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more... ArtistsGuitaristsFebruary 2014RockabillyDunlopFenderGibsonGretschReverend Horton Heat

Reverend Horton Heat: Rompin' with the Rev

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Reverend Horton Heat’s Gear

Guitars
Gretsch 6120 RHH signature model, 1954 Gibson ES-175D, 1963 Fender Jazzmaster

Amps
Gretsch 6163 Executive, Fender 1978 Super Reverb

Effects
Chandler Stereo Digital Echo, Way Huge Aqua-Puss analog delay, Boss BD-2 Blues Driver, Dunlop DVP-1 volume pedal

Strings, Picks, and Accessories
Dunlop .010–.046 strings, Dunlop Delrin 1.5 mm pick, Mogami cables

How can you crank the amp that loud for so long and not go deaf?
Well, I had that issue for a long time. It got to the point where I eventually built myself a big, soft baffle like a fireplace shroud. I can completely cover my amp if it’s too much. People always talk about the “volume knob.” But when you turn your guitar down from 10 to 8, you’re not just adjusting volume. You’re adjusting the whole tone—the whole treble and bass response, the whole distortion breakup level, and everything. With the baffle, my sound is there. If I’m not hearing it well, instead of adjusting the volume, I can just use my foot to move that baffle, even in the middle of a solo.

You recently switched from a silverface Fender Super Reverb to a Gretsch amp.
Yeah, the new album has the 20-watt Gretsch Executive. My amp is almost more important to my sound than my guitar. What I gravitate toward in any amp is what is easiest to manipulate. If I’m playing along and it seems like it’s okay, but then when I get up to the high notes it sounds a little dull or cloudy, then all of a sudden I’m digging in and having to play too hard. That Super Reverb was the main amp I used for a long time. I have several of them, but the one I liked a lot was the ’78.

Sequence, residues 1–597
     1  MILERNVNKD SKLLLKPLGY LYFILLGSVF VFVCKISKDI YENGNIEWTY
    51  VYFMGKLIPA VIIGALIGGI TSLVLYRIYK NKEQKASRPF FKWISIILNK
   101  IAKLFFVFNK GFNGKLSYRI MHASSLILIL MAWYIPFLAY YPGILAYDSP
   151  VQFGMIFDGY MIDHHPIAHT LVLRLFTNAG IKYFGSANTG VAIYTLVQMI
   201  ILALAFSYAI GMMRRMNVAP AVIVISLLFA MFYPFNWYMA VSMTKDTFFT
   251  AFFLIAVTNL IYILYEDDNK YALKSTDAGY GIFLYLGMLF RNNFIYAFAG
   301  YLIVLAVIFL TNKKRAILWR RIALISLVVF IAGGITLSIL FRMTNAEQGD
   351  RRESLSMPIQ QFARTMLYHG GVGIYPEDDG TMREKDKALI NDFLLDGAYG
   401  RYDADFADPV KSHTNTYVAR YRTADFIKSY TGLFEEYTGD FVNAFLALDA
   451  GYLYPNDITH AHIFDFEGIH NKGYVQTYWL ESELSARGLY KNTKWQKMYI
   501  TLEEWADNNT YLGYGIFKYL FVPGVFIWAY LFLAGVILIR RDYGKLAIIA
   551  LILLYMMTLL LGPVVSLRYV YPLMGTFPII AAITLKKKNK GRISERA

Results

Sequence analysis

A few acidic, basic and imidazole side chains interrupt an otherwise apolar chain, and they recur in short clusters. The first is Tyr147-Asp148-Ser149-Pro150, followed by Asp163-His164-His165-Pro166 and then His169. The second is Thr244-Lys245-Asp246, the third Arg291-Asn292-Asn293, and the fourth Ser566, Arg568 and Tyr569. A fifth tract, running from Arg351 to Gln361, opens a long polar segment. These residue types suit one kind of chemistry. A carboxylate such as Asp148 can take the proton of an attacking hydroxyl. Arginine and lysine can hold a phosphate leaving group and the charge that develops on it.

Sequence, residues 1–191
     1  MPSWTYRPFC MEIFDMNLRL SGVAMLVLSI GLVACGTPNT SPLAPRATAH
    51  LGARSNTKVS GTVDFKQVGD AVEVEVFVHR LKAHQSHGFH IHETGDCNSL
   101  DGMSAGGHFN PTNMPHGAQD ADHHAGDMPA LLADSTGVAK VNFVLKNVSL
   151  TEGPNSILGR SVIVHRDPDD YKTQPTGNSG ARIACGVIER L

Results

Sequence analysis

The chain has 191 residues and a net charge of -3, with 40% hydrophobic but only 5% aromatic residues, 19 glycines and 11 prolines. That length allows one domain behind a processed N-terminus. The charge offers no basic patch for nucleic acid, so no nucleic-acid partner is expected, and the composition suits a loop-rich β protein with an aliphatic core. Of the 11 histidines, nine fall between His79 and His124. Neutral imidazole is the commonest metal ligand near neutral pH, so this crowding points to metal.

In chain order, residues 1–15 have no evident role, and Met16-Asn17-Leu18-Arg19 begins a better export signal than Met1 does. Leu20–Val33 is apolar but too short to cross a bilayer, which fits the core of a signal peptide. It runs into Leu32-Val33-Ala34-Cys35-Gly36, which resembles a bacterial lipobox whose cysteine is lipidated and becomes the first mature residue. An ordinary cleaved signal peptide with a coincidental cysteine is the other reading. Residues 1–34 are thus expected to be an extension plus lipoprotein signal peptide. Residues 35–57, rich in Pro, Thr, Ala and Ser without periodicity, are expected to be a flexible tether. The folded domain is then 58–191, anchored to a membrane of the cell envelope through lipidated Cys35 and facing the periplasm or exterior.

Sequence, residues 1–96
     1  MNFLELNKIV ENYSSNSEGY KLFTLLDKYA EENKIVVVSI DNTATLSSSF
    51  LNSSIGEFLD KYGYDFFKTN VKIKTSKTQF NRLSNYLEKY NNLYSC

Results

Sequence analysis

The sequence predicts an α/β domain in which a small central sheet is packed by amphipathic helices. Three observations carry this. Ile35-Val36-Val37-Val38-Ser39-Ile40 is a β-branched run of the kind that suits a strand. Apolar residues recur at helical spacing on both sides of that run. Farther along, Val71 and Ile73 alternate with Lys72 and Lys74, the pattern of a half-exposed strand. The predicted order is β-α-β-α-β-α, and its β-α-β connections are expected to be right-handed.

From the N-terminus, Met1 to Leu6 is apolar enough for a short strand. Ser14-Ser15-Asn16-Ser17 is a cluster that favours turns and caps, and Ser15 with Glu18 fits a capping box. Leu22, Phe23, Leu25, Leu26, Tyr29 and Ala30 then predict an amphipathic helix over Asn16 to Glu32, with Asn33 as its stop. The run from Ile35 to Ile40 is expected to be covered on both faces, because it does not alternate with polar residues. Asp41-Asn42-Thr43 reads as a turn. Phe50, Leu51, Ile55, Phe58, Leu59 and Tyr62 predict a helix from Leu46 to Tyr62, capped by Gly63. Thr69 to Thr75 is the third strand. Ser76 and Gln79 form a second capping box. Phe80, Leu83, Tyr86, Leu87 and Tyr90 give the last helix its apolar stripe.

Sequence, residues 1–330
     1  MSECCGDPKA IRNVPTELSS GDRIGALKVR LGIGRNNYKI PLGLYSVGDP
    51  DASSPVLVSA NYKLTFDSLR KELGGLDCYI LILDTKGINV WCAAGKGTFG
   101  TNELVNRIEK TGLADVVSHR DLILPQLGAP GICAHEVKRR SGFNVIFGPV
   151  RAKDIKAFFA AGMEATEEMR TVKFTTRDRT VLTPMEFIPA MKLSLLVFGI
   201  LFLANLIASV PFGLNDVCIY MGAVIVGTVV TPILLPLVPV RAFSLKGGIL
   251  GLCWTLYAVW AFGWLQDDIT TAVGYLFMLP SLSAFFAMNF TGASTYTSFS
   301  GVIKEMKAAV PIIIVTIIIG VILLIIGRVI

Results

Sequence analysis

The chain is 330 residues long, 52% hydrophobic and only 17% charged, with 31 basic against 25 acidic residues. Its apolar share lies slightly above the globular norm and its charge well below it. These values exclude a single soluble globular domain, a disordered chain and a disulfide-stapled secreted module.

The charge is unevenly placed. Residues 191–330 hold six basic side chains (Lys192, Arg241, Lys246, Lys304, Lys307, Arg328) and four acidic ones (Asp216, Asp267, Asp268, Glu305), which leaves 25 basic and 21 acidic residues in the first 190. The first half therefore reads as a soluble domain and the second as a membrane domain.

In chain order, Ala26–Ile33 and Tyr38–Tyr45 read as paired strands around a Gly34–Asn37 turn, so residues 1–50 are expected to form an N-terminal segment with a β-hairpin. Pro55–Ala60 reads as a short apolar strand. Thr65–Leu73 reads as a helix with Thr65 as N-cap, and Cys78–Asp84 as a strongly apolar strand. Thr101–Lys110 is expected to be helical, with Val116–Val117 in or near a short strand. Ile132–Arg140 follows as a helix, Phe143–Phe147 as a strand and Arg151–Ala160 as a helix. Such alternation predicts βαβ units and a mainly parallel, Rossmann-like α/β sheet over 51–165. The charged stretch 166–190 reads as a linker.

After playing a Super Reverb, I’d imagine a 20-watt amp might break up too easily for you.
It’s not that different. To me, the Grestch sounds just like my Super Reverb, except the high notes are easier to manipulate for some reason. I don’t have to dig in as hard to make them come out and be even with the other notes on the fingerboard. What’s weird is that even though the amp has one 15" speaker, my high notes have more clarity than with the four 10" speakers in the Super Reverb.

Is your ’78 Super Reverb one of the 70-watt ultra-linear master volume models that “amp experts” warn players to avoid?
I tell you what: A lot of people talk about equipment, and a lot of those people don’t know crap about what is real. They know this or that, or what they heard—what’s been said before. They also don’t get the silverface at all. They say, “Get the pre-CBS blackface.” Listen, I have a blackface and several silverface Super Reverbs, and they’re all different. I’ve tried so many different amps and so many different Super Reverbs, and I always came back to that ’78. I don’t use it now except for limited studio stuff, but I’ll never sell it.

With your previous rig, you were also going stereo with a Twin Reverb. Is that still the same setup with the Gretsch Executive?
I don’t use the Twin Reverb for anything anymore. That was an experiment gone wrong. I would go through the Twin set at a really low volume with a Boss Blues Driver as a distortion pedal on certain gigs if I needed a little more punch. It was never my sound. My Super Reverb would always be blaring loud, and that was what you’d hear.

Many people assumed that the Twin was an integral part of your sound.
People would see the blackface Twin Reverb onstage because it was the one that didn’t need a baffle. I still have the baffle with the Gretsch amp, but it doesn't cover up the whole speaker. It’s fun talking about this. Most people don’t ask about all this stuff but I guess it’s because you’re from Premier Guitar.

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